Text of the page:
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Developmental Milestones and Screenings
How do you know if the children in your care are on the right track? Developmental milestones tell us ways that children should speak, act and learn by certain ages. When children are on track it is time to celebrate. When you are concerned a child is not reaching developmental milestones, it’s time to talk to the family and get more information. Developmental screenings are one way to get more information. Child care providers can get trained to give and score developmental screenings or refer families to doctors or community agencies that provide screenings. All children should be screened at 9, 18, 24, 30 months and every year after that. Developmental screenings can catch developmental delays and disabilities early so children get the support they need. Learn more about developmental milestones and screenings from Delaware Thrives for children 2 months to 8 years old.
In Delaware, ALL families have access to FREE developmental screening using the Ages & Stages Questionnaires® (ASQ-3® & ASQ:SE:2®). Beginning July 2023 all licensed childcares will be required to provide developmental screening to all children ages birth to five, not yet in kindergarten.
There are several websites that provided information and resources for providers to conduct these easy to use, family friendly screeners to catch delays and celebrate milestones.
Are you a provider wanting to access your ASQ Online Account? Visit the Delaware Department of Education Developmental Screening Resource page on the Office of Early Learning website for more information.
The Developmental Screening page on the Delaware Readiness Team’s website also provides resources.
Get started with these FREE required Orientation trainings to access the ASQ Online System.
These trainings are required for all points of contact in programs:
Delaware’s ASQ Technical Assistants Jenny Grady and Jamie Walko discussed the changes in using the ASQ Online Database and state process. (1.5 hour run time):
Please note the age cut off’s were adjusted in April 2022
This training is for you to share with families to help families learn more about developmental monitoring and screening. (.5 hour run time) https://youtu.be/qdTkmy7TRWo
For more information and history on Delaware’s developmental screening initiative, follow this link to view (1 hour run time): https://www.youtube.com/watch?v=iJyk9Td7DwI
DDOE Developmental Screening Resource Page
DDOE Screening Email: email@example.com
ASQ Support Request
Links to bills guiding this initiative:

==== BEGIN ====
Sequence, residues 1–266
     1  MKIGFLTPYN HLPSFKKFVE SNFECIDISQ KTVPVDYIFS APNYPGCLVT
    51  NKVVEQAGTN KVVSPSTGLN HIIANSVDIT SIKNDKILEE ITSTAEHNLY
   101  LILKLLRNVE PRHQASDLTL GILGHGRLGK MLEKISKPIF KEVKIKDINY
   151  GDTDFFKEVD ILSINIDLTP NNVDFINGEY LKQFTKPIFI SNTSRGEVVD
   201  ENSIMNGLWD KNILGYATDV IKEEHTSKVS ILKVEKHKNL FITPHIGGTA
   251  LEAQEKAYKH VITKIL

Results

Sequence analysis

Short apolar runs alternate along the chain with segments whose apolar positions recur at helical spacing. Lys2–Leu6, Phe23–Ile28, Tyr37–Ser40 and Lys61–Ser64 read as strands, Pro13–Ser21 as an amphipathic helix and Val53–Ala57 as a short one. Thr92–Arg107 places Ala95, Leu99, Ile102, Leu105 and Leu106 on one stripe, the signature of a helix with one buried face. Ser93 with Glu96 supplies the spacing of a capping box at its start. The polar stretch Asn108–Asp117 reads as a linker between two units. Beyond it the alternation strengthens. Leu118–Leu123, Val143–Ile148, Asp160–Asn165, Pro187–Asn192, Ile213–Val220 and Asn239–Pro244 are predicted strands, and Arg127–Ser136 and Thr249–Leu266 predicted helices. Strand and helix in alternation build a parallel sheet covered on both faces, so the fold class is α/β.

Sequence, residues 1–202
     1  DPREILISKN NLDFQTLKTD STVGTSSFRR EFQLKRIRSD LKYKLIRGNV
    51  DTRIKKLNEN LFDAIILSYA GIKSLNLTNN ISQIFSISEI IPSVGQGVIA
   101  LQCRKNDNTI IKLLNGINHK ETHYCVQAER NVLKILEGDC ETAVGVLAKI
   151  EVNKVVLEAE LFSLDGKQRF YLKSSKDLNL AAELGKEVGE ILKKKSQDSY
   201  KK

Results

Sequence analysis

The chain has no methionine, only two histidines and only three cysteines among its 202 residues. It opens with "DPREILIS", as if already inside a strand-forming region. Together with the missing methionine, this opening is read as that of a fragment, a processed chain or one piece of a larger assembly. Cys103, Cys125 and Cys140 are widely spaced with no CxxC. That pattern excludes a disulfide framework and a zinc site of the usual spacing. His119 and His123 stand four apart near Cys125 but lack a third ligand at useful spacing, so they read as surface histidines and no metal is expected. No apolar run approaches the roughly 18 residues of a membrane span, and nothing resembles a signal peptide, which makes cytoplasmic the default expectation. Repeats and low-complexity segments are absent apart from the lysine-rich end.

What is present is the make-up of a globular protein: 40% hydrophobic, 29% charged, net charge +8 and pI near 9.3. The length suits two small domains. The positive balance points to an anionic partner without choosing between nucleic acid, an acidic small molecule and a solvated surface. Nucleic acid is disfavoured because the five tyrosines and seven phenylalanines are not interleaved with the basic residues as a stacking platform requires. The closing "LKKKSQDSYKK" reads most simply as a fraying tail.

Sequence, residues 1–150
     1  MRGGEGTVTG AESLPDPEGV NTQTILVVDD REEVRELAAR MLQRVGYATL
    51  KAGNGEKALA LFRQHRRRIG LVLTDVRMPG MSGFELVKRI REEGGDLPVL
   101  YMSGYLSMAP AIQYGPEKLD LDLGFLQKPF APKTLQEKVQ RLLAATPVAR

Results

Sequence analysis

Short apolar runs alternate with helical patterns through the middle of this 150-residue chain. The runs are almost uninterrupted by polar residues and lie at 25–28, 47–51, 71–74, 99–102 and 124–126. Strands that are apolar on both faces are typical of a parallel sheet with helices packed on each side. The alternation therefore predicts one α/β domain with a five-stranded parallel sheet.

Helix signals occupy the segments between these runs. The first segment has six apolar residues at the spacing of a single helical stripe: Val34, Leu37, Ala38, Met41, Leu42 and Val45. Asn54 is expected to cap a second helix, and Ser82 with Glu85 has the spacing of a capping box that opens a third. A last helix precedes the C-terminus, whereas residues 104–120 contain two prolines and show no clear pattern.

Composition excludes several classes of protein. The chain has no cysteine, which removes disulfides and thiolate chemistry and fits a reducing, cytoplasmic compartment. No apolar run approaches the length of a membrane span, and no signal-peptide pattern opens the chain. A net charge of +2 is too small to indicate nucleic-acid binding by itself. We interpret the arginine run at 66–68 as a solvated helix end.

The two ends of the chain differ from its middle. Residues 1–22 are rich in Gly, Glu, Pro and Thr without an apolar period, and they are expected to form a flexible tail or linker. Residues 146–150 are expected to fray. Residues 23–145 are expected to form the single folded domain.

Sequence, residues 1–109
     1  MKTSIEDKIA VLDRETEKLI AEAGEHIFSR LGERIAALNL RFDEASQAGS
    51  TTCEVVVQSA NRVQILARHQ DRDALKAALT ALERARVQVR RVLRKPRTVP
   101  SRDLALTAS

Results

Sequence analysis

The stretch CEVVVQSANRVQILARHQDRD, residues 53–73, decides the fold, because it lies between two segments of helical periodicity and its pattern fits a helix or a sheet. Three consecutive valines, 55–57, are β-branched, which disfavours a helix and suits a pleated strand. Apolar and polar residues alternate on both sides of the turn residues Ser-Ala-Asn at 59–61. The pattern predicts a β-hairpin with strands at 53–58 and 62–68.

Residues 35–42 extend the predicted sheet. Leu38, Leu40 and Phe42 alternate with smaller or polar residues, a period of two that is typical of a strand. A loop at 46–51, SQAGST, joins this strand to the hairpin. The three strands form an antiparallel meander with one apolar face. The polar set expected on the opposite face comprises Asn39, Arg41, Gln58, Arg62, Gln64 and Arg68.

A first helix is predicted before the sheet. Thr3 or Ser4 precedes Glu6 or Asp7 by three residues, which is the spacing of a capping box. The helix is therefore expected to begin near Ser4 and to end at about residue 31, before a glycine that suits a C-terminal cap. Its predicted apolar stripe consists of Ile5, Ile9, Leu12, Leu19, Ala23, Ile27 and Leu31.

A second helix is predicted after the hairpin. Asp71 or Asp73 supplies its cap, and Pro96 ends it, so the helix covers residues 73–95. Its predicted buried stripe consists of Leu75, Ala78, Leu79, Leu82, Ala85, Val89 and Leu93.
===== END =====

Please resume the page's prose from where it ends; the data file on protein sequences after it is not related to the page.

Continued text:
Lead screening is required for all children at 12 months of age, and again at 24 months of age, regardless of risk factors. Screening is defined as a capillary fingerstick in a doctor’s office, or a venous blood test at a laboratory; screening is not a questionnaire. All child care providers and public schools require proof of screening at 12 and 24 months of age for enrollment. For more information on the importance of lead screening please view Highmark – Importance of Lead Screening. Find more information at Lead-Free Delaware.
Support for developmental delays and disabilities
Children with developmental delays and disabilities may be eligible for early intervention programs.
Children from birth to 3 years old
Birth to Three Regional Programs (previously known as Child Development Watch) can create a personalized plan to help children develop. It offers services such as:
An appointment for an evaluation to determine if a child is eligible for services like these can be made by contacting the following locations in your county.
Children from 3 to 5 years old
If you think a child in your care has developmental delays or a disability, please contact the Child Find department within your school district. If you are unsure which school district you live in, you can search with your address.
High Quality Care and Education for Children with Disabilities
All children have the right to receive high quality learning opportunities and participate in programs that meet their developmental needs. Sometimes, it may be difficult to have the right level of expertise to support the children you care for.
The purpose of the Delaware Early Education Inclusion Guide is to help early childhood professional in Delaware meet the needs of young children with disabilities. The guide is for family child care providers as well as preschool and child café center program administrators, directors, and curriculum coordinators and the early childhood professionals in the classrooms – the teachers, the assistant teacher, and the aides who service infants, toddlers, and preschoolers.
The Individuals with Disabilities Education Act (IDEA) is a federal law that ensures children receive early intervention special education and related services. These services are accessed through Child Development Watch (Part C) or Delaware Public School Districts (Part B).